It’s back to 1992 for employees of Sony Pictures in the wake of the cyber-attack that resulted in private emails being released.
According to a report in Techcrunch, one employee, who wished to remain anonymous, told the online publication “We are stuck in 1992 over here.” She was referring to how they dragged out old printers to cut cheques and dusted off fax machines to send messages. They were even talking to each other rather than sending emails or instant messages.
The Russian government is also said to have revived old technology, and has returned to using typewriters to avoid being hacked. Bad news for the trees – it also means an expansion of creating paper documents.
In Phoenix, Arizona, Mesa Typewriter, a third generation typewriter repair shop has seen a comeback in the manually powered, off the grid technology. Owner Bill Wahl said the growth is coming from “a younger generation looking for a different experience while writing”.
“Chris” from Toronto Typewriters, whose tag line is “Bringing Back the Art of Communication”, has also seen a surge in typewriter sales of late but sees it more as a throwback to the analog days.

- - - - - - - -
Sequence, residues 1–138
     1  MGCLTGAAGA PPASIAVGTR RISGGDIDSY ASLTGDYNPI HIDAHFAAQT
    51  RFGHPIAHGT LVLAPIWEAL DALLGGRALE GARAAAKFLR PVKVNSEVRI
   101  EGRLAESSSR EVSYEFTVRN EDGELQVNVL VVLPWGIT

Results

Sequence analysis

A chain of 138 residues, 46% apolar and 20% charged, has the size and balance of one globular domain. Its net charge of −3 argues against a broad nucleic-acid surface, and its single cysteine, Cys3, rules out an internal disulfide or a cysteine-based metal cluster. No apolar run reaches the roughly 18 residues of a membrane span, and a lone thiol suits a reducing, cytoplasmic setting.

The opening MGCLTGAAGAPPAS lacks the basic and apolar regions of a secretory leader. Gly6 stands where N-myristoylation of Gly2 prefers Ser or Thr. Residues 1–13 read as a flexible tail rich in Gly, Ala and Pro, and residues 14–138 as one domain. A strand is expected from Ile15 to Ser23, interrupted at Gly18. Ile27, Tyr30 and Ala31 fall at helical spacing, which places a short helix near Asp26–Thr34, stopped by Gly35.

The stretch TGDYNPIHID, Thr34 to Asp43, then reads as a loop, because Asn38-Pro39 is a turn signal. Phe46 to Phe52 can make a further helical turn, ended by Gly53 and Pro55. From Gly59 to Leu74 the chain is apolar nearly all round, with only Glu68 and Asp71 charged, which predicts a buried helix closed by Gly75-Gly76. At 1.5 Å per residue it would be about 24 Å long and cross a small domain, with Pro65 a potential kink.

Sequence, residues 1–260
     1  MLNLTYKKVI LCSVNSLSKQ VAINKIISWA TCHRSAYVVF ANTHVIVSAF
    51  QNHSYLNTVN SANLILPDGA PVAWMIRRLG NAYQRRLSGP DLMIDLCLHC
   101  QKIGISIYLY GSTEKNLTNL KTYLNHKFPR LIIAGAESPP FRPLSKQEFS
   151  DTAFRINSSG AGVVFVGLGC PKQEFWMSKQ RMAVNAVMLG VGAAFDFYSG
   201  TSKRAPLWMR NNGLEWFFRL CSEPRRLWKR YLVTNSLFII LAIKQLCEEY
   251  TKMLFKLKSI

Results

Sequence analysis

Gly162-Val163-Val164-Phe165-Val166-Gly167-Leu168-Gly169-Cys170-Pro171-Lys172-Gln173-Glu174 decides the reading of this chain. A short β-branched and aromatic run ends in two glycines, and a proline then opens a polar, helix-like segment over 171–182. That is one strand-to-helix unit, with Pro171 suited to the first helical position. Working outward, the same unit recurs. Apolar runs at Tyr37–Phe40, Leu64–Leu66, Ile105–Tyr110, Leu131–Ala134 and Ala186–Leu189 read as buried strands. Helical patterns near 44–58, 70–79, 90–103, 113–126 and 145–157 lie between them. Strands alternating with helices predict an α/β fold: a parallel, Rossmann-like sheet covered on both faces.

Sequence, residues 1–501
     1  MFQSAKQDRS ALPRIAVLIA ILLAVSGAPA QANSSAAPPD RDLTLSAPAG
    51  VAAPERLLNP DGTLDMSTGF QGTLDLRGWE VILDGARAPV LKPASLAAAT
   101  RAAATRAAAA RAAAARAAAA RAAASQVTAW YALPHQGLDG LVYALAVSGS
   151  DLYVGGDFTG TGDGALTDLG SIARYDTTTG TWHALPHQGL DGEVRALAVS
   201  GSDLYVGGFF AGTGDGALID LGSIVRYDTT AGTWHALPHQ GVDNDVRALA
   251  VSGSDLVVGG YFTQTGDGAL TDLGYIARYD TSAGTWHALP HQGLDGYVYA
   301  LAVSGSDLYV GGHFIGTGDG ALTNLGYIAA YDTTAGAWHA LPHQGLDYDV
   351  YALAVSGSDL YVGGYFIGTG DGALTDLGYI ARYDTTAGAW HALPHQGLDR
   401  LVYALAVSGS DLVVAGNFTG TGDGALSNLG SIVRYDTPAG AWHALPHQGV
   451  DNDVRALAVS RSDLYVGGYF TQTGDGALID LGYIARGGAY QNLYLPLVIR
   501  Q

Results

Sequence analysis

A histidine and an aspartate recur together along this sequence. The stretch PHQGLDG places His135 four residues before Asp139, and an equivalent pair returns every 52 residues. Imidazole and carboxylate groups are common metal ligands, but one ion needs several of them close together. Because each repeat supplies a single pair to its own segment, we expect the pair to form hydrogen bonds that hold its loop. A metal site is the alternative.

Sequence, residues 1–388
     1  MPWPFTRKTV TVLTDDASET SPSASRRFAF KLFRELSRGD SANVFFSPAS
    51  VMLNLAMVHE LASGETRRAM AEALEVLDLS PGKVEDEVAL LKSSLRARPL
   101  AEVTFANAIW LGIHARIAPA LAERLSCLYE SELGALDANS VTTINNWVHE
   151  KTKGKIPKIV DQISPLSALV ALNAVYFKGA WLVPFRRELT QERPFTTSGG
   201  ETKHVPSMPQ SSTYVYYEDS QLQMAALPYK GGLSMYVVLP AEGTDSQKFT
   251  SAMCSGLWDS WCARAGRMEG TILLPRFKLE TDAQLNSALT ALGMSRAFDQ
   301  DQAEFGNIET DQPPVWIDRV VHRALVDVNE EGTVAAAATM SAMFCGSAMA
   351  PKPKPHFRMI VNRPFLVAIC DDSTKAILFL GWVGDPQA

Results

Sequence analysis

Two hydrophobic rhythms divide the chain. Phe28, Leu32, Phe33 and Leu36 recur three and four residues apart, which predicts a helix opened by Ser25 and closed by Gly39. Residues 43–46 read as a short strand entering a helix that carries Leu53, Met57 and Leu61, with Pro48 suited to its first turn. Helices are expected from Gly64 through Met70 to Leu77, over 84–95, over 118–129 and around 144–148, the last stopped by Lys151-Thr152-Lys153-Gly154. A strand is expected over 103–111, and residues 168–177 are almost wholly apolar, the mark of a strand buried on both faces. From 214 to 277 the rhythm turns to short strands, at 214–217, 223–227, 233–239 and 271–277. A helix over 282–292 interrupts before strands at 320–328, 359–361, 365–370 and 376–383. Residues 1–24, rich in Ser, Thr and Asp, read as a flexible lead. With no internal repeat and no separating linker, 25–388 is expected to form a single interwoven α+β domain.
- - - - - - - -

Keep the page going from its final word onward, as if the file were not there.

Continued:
His clients include writers, poets and even parents, searching for that “private experience between the writer and their thoughts that evades the prying eyes of the online world”.
“The ‘clicking’ and ‘clacking’ of the keys on paper and the sound of the ringing at the end of each line is brilliant. The imperfections of each typed letter leave the writer with a unique and original piece of written art. The old world experience is similar to the crackling of an old vinyl record,” Chris says.
Whether Sony will start making typewriters is yet to be seen – but this latest hacking scandal has clearly got people talking – or should we say typing, the old fashioned way.
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